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Wandering in the Wilderness

Each month, we post a series of blogs around a common topic. This month, Jeff Bryan is curating a series reflecting on the 2018 National Gathering in late February. You’ll hear from clergy, lay people, community leaders, and others reflect on their experiences of the National Gathering and what’s stuck with them since. How does the “Desert in Bloom” look on the resurrection side of Easter? What are your own thoughts of your National Gathering experience, or on what these reflections spark for you? We invite you to join the conversation on Facebook and Twitter

by Megan McMillan

Back in September, I read Brené Brown’s new book, Braving the Wilderness: The Quest for True Belonging and the Courage to Stand Alone. Just like all of her other books, TED Talks, and podcast appearances, I was in tears by the end. Brené Brown is basically my personal life coach. Thus, I have been ruminating on the idea of wilderness for a few months. In her book, Brown tells us that the wilderness is a place of belonging and a sacred place, “[The wilderness] is a place as dangerous as it is breathtaking, a place sought after as it is feared. The wilderness can often feel unholy because we can’t control it, or what people think about our choice of whether to venture into that vastness or not. But it turns out to be the place of true belonging, it’s the bravest and the most sacred place you will ever stand.”

Thanks to Brown, I feel the wilderness is a place that can be lonely and terrifying, yet it can also be so beautiful and exciting. The scripture we focused on during the gathering reassured us of that. “The wilderness and dry land will be glad, the wilderness will rejoice and blossom (Isaiah 35: 1).”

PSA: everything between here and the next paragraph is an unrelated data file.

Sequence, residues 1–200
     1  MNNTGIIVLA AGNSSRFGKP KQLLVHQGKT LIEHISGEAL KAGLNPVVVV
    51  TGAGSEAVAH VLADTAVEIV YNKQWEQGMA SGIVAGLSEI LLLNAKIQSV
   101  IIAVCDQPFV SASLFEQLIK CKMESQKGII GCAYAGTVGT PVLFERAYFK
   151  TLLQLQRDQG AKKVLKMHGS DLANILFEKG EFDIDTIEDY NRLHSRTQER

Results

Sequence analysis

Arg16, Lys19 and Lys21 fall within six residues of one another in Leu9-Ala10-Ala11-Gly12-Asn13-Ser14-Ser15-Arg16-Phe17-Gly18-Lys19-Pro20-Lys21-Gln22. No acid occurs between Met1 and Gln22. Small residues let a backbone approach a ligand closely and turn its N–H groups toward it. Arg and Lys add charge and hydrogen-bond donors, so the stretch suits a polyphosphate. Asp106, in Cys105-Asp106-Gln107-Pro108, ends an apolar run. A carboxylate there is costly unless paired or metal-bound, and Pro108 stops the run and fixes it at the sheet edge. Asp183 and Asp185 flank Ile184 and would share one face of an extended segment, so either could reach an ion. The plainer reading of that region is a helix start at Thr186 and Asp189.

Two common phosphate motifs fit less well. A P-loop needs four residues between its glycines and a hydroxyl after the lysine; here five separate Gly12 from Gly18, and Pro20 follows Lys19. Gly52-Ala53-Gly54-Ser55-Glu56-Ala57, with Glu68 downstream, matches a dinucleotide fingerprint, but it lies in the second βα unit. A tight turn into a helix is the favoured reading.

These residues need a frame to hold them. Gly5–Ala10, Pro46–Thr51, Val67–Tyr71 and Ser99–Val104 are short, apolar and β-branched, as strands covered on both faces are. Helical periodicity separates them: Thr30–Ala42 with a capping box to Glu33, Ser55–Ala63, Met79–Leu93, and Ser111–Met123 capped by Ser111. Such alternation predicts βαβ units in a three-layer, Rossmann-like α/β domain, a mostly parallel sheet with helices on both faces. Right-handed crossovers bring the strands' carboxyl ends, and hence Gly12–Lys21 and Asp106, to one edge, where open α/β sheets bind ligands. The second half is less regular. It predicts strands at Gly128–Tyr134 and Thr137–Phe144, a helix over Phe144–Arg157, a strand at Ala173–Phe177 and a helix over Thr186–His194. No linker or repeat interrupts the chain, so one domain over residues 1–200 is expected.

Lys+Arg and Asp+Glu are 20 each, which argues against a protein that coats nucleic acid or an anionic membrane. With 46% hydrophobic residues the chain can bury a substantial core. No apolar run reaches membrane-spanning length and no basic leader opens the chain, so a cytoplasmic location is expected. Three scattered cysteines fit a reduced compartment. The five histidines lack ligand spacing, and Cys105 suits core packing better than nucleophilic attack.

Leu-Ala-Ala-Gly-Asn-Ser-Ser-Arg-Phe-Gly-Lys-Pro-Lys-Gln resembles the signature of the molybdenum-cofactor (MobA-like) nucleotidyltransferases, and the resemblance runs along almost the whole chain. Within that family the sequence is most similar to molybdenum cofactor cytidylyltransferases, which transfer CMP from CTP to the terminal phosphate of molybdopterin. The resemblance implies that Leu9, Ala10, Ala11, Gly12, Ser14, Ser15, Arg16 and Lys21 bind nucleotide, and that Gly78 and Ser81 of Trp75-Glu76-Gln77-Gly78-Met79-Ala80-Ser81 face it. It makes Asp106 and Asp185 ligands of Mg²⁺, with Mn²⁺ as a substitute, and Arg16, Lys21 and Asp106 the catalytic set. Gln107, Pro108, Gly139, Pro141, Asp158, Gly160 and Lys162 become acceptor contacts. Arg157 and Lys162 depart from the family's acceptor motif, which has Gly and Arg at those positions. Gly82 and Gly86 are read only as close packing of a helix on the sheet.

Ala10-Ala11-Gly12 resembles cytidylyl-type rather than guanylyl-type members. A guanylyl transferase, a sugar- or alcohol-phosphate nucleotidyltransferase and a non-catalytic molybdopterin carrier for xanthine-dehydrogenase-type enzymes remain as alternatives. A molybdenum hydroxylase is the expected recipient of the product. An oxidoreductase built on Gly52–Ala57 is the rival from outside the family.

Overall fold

As a denomination, the PC(USA) has been wandering in the wilderness for a while now. As a seminary student, I am so sick of hearing people say that the church is dying. Prior to my seminary career, I served as a youth director for six years. People always say that the youth are the future of the church, but I firmly believe that young people are the church right now. How can anyone possibly think the church is dying where you are amongst 6,000+ youth at Presbyterian Youth Triennium? How can anyone think the church is dying when you’re sitting in Anderson Auditorium with over 1,000 college students at Montreat College Conference? How can anyone think the church is dying when our seminaries are full of eager twenty-something’s ready to serve our church? If you think the church is dying, you are looking in all the wrong places. We are simply wandering in the wilderness.

I really resonated with the sermon on Tuesday night by Jennifer Barchi. Rev. Barchi shared my feelings in that the wilderness is not always an undesirable place. The church is merely evolving into something different. As people of God, we must evolve with it and transform it into something new. There is death in the wilderness, but that gives us the opportunity of holy rising. This dying will not kill us. This dying will resurrect us. As a denomination, I have full confidence that we will use this death as an opportunity to rise into new, hopeful, and creative people of God. “The Church is dying, thanks be to God!” As we continue to wander in the wilderness, thank you NEXT Church National Gathering for renewing my hope in this church that I love so deeply.


Megan McMillan is a student at Austin Presbyterian Theological Seminary. Currently, she is serving as the Chaplain Intern at Presbyterian Mo-Ranch in Hunt, TX, for her SPM until the end of the summer. She will then head back to Austin to finish her final year of seminary. A graduate of Presbyterian College in Clinton, SC, Megan also served in Columbia, SC as a youth director before her seminary career. She has two adorable dogs that love the outdoors as much as she does, and is an avid South Carolina Gamecock fan.

A First National Gathering